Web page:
NEW YORK – The assassination of Salman Taseer, the governor of Punjab province in Pakistan and an outspoken critic of religious extremism, has focused attention on his country’s draconian blasphemy law. Adopted in its present form by General Mohammad Zia ul-Haq’s military dictatorship more than three decades ago, the blasphemy law imposes a mandatory death penalty on anyone convicted of insulting Islam.
The police officer who murdered Taseer apparently acted because the governor recently launched a campaign to repeal the law. From the standpoint of Pakistani religious extremists who have applauded the murder, that itself was an act of blasphemy.
For a long time, blasphemy laws were considered an unfortunate legacy of efforts in England during the religious struggles of the sixteenth and seventeenth centuries to suppress deviant interpretations of scripture among Christians. They were spread in South Asian countries and elsewhere through British colonial rule. General Zia’s harsh version of the law in Pakistan was adopted as part of his effort to use Islam to legitimize his suppression of all dissent.
Blasphemy became a global concern in the late 1980’s when Ayatollah Ruhollah Khomeini of Iran issued a fatwa calling for the assassination of the writer Salman Rushdie for his novel, The Satanic Verses. Although Rushdie survived with the help of an extraordinary level of protection provided by British security forces, others associated with his book were murdered.
More recently, arguments that it is legitimate to make blasphemy a crime have, disturbingly, gathered increasing support. Those who insist that blasphemy does not warrant the protection otherwise given to freedom of expression often claim that it is a form of hate speech.
It seems important, therefore, to clarify the differences between hate speech and blasphemy. Inasmuch as hate speech involves incitement of imminent violence, it may be made criminal, even in the United States , where freedom of expression enjoys particularly strong legal protection. It is assumed in such circumstances that the violence will be carried out by those who sympathize with the views of the person inciting hatred. An example would be a mob attack on a member of a racial or religious group in direct response to a speech urging an assault on members of that group.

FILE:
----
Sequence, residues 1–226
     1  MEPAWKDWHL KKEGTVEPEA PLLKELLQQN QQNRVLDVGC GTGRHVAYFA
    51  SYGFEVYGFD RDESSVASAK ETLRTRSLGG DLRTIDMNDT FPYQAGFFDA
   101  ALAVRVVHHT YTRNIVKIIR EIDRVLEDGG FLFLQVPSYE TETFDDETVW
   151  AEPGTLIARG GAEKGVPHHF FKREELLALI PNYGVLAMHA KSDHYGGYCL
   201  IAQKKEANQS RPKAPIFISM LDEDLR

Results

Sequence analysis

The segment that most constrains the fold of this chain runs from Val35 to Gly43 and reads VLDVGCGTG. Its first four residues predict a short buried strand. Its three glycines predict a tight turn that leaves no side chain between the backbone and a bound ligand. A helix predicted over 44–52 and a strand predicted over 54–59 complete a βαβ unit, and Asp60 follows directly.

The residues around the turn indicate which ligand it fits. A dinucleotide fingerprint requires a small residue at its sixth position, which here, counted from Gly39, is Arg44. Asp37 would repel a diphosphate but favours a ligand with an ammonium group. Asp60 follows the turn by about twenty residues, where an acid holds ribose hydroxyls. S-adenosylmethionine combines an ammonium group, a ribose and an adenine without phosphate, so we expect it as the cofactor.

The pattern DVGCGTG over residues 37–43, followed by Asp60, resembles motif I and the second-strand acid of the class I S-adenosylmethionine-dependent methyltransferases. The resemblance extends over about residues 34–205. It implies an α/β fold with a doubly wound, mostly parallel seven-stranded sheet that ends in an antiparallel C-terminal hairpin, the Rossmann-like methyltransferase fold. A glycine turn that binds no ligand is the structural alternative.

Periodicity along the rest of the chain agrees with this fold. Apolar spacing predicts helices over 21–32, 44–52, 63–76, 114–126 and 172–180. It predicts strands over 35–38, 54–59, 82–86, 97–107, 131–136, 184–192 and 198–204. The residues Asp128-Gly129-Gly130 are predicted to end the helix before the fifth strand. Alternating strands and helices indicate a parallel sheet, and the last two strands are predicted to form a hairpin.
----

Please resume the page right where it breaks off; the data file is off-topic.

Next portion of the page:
Ordinarily, however, the circumstances in which blasphemy may lead to violence are entirely different. In those circumstances, the violence is not imminent, and it is carried out by those offended by the speaker’s views rather than by sympathizers. And, of course, it is typically carried out directly on the speaker.
This makes criminalization of blasphemy a far greater threat to freedom of expression. After all, while a speaker can reasonably take care not to express views that will lead to imminent violence, if listeners have unlimited discretion in determining what causes offense, the speaker can never know what will so offend some people near or far at some time in the future that they will commit violence.
These differences between hate speech and blasphemy are fundamental. It is, therefore, inappropriate to extend the legal restrictions on hate speech to blasphemy. Criminalizing blasphemy should be strongly opposed as an unwarranted restriction on freedom of expression, even by those who believe that there are certain limited circumstances in which it is appropriate to make hate speech a crime.
Of course, such distinctions do not matter much to the religious fanatics who rejoice in the murder of Salman Taseer. Yet those who admire his courage in struggling for freedom of expression ought to see to it that efforts to make blasphemy a crime, or to perpetuate it as a criminal offense, are afforded no legitimacy whatsoever.
Aryeh Neier, the president of the Open Society Institute and a founder of Human Rights Watch, is the author, most recently, of Taking Liberties: Four Decades in the Struggle for Rights.
Copyright: Project Syndicate, 2011.